Re: Re: Welcome to Ireland’s ugly urban sprawl
Well just take a small, poor, African nation as a good example – one that recently recovered from a Famine perhaps – what if one such small, poor African nation, suddenly had everything it needed – to just build itselves a brand new country?
Just suppose a consortium of billionaires and foreign banks, in the morning, decided to give a small, poor African nation a huge lump of investment – what do you think would happen?
I dunno, maybe, these rich Westerns thought it would be a funny experiment to try out – having gotten drunk in the bar last night.
Well, you can almost imagine it, if you try hard enough.
Some of those African leaders, or chieftains, and the usual few movers n’ shakers in the tribes, would fly around in brand new helicopters mapping out the future.
Then they would fly in loads of designers and planners from Europe or someplace civilised and well-to-do, to come and ‘draw it all up’.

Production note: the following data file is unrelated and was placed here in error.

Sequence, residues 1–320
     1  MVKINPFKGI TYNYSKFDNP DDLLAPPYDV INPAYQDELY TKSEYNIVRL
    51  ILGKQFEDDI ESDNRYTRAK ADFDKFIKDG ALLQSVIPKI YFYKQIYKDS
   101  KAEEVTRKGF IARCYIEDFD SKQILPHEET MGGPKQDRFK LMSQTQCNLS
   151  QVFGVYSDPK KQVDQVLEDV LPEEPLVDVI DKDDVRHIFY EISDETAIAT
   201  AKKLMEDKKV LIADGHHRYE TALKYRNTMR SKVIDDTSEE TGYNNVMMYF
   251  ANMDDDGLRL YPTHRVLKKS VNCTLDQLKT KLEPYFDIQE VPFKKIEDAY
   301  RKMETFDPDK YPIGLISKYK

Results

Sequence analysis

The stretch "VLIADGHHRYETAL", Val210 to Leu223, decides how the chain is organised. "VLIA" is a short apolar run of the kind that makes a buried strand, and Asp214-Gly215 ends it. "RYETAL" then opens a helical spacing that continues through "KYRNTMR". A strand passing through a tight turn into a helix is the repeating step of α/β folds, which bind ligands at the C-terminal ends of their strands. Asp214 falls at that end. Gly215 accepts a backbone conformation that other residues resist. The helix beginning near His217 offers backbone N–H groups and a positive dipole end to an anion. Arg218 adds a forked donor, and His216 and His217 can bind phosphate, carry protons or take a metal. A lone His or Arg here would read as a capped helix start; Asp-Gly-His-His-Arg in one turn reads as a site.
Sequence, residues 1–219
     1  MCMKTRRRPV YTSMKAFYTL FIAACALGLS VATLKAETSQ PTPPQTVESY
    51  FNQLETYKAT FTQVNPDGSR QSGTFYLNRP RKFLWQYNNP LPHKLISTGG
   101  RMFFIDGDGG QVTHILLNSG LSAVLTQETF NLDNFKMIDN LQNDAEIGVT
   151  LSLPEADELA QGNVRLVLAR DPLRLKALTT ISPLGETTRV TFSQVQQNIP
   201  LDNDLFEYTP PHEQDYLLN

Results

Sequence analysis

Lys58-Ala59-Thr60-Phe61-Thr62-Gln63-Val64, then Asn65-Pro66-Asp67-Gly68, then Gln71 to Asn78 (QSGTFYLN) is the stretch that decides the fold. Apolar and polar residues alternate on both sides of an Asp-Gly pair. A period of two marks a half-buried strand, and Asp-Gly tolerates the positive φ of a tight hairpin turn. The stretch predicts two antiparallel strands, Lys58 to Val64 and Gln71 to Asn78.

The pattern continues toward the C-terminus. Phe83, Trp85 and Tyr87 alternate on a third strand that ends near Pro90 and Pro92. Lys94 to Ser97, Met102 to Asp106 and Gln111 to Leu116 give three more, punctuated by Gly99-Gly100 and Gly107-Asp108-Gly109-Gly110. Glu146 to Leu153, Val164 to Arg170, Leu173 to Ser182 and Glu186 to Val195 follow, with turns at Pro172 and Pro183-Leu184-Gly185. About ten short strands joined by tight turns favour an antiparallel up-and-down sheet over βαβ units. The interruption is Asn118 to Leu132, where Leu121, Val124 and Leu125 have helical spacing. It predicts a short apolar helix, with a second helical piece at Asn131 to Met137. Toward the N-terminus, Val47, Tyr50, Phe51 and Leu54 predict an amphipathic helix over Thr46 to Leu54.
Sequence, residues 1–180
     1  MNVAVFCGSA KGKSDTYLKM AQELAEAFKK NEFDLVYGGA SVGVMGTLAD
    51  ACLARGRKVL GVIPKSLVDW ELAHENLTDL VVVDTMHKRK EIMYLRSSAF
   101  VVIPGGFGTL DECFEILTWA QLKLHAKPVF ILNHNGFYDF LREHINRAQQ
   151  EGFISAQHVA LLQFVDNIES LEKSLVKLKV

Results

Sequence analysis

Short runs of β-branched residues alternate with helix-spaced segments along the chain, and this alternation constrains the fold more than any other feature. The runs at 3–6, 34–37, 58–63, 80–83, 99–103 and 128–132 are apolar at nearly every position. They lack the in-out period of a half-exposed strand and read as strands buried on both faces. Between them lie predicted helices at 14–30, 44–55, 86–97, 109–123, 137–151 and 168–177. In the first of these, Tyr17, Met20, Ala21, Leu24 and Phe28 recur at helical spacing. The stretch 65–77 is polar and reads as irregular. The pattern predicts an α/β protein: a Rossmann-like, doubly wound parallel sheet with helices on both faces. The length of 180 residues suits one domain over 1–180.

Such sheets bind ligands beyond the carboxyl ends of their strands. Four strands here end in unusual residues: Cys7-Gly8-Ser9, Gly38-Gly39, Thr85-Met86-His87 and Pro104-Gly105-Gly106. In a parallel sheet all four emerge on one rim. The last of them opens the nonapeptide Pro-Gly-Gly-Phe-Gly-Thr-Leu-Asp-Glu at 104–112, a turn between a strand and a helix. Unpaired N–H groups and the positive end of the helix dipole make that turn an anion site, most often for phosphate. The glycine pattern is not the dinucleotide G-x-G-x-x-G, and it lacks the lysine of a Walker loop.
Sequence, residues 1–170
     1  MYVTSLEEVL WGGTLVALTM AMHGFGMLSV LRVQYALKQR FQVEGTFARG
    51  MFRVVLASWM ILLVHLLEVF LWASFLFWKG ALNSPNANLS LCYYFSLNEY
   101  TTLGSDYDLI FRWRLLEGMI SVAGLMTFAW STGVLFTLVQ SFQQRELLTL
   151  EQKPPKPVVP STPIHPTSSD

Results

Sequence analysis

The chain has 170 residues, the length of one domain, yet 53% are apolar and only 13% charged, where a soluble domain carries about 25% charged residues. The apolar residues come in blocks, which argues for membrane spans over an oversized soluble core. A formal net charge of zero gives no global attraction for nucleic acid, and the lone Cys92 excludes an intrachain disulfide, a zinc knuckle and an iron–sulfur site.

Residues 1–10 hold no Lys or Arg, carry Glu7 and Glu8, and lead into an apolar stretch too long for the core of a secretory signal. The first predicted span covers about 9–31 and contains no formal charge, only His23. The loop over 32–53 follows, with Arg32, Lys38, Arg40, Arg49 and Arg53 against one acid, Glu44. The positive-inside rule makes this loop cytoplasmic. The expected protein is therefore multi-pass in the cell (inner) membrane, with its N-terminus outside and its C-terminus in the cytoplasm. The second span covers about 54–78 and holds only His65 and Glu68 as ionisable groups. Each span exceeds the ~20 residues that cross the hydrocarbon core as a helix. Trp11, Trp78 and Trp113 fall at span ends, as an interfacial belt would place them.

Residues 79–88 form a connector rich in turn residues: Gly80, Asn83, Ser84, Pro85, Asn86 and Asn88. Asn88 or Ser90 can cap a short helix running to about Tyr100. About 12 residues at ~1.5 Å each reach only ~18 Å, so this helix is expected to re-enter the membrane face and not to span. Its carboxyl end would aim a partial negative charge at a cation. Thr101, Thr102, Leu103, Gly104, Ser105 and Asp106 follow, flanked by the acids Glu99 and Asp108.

I know, it sounds like a bad recall from a 1960s James Bond movie.
‘Goldfinger’, or ‘Moonraker’, or some similar abomination.
Of course, not a single cent would be spent, on the young Africans and trying to train them up as sufficiently skillful Architects and designers.
Does this sound like the Irish situation – because it really does to me.
Well, maybe not.
But I find it useful just to examine this idea – try to see things from that vantage point perhaps.
I mean, it contrasts with the sorts of viewpoints already presented here on this thread.
I do understand your argument for the ‘existing’ design tradition we have here in Ireland, and I really do respect that.
But, I also think it has strained a bit too much, for what it was, under the current pressure – I feel we could have anticipated that pressure – and acted to deal with it.
It is just too easy now to take the ‘Frank McDonald’ route out, and blame it all on politians without any spatial perception, background or even the most basic training – like these hypothetical tribal leaders riding around in new helicopters.
Brian O’ Hanlon.